• He gave alms generously to the people (10:2). Alms were gifts to the needy and were given in the synagogue and on the street (Matt. 6:2). For example, the lame beggar at the temple asked for alms (Acts 3:2), Paul brought alms to the Jewish Christians from the Gentile Christians (Acts 24:17), and Tabitha was known for her alms, such as making clothes for the widows (Acts 9:36). In the church, the deacons were appointed for the regular distribution of alms. A pious man is generous and merciful (see also Ps. 112:5, 9). 
  • He prayed continually to God (10:2-3). Not that he prayed every minute of the day, but consistently throughout the day (such as at "the ninth hour"). His alms and prayers were like sacrifices to God (10:4, see also Heb. 13:15-16). As Aeneas demonstrated his piety by offering sacrifices to the gods, so the Christian offers these spiritual sacrifices to the one true God through Christ. A pious man is mindful of the worship of God, reverently offering these sacrifices. 
  • He was a just man (“upright,” 10:22). Piety itself is an aspect of justice - God deserves our reverence and devotion - and it moves a person to justly fulfill the rest of his obligations to God and man. It motivates us to fulfill our callings in life, knowing that by doing so we serve the Lord (Col. 3:23-24). Thus, piety can be used to refer to the way of life that results from true doctrine (1 Tim. 4:7-8, 6:3). In 1 Timothy 5:4-8, Paul notes that εὐσέβεια is shown in fulfilling family obligations such as honoring parents and supporting them in old age ("filial piety"). So a pious man is just, fulfilling his duties to God and man.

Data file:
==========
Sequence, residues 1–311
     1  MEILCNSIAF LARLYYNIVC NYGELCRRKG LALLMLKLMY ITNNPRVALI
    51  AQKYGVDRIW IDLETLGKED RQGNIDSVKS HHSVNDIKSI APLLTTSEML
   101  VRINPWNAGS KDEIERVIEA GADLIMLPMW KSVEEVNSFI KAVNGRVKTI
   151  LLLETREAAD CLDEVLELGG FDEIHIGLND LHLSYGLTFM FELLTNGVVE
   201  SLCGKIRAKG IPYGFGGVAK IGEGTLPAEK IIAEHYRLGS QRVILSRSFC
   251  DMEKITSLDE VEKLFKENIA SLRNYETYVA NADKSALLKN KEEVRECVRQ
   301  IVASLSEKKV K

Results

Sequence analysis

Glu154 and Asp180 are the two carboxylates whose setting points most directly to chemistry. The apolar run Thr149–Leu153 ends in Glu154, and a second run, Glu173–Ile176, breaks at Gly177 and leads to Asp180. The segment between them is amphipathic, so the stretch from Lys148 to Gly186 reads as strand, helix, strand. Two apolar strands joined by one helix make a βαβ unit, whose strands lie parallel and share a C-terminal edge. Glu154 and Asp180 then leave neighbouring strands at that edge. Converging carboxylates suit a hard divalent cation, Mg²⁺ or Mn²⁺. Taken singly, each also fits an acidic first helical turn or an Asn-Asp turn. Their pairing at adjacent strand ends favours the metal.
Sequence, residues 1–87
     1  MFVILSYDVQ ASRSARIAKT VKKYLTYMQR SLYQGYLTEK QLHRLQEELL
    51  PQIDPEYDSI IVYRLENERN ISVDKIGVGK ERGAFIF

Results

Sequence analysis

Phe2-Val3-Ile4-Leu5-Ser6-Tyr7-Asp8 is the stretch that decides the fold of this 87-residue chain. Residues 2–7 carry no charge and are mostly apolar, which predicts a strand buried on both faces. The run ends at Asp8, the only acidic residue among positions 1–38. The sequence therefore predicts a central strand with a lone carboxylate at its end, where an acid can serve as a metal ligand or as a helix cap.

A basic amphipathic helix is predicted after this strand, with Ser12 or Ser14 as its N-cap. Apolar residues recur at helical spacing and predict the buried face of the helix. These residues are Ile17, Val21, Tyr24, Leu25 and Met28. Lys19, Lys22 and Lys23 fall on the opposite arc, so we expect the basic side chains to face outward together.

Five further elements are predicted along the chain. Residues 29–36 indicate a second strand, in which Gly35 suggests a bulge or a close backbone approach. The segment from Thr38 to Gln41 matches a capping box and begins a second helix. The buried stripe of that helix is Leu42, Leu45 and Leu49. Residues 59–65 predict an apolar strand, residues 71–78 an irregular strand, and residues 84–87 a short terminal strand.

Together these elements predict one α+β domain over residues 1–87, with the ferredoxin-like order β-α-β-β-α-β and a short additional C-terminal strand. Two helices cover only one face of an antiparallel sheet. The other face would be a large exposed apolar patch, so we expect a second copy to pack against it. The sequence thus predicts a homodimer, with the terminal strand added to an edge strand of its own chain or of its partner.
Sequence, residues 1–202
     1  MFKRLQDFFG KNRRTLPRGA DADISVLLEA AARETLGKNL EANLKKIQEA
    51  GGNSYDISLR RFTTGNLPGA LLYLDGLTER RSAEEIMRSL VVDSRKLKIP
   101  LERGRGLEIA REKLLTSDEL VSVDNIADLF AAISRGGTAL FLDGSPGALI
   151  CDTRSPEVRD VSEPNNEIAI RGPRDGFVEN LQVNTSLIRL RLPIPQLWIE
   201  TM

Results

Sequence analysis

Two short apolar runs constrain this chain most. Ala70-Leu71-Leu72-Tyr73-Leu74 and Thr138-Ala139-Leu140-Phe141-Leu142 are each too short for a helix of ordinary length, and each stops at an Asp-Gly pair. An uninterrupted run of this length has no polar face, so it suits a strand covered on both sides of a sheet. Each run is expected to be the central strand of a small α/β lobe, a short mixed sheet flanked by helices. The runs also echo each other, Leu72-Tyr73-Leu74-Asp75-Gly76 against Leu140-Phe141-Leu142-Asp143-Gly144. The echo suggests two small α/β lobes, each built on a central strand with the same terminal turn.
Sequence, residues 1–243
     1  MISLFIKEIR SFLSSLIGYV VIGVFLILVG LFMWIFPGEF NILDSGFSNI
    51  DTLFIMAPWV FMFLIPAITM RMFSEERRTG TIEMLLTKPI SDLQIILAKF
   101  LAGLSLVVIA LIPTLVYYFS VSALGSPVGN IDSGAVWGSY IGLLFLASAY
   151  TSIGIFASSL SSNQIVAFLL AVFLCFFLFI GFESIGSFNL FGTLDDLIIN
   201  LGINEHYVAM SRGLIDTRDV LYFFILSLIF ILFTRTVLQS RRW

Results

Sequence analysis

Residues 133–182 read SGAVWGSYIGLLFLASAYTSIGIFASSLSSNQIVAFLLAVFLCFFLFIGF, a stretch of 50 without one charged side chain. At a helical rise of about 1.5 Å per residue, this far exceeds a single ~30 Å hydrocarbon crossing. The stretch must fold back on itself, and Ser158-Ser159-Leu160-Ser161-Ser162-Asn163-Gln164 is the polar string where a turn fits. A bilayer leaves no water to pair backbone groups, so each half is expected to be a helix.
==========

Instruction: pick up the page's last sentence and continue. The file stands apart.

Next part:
• He sought Peter to hear his message from God and invited his household and friends to hear it (10:7-8, 24). This eagerness to hear God's word and to bring others along is described in Isaiah 2:3 and Zechariah 8:21-23. A pious man seeks to hear God’s word, to bring his family to church, and to invites his friends and relations to join him. 
  • He received the gospel (10:44-48, 11:17-18). Not only did he seek God's word, but he also received it - something which the pious should do throughout their lives. I believe Cornelius was already regenerate, believing in God's old covenant promises, but here he and his household received the gospel of Christ's finished work and were brought into new covenant blessings, being filled with the Spirit and baptized into the visible church of Christ. Likewise, a pious man repents of his sin, believes the gospel, and is baptized with his household.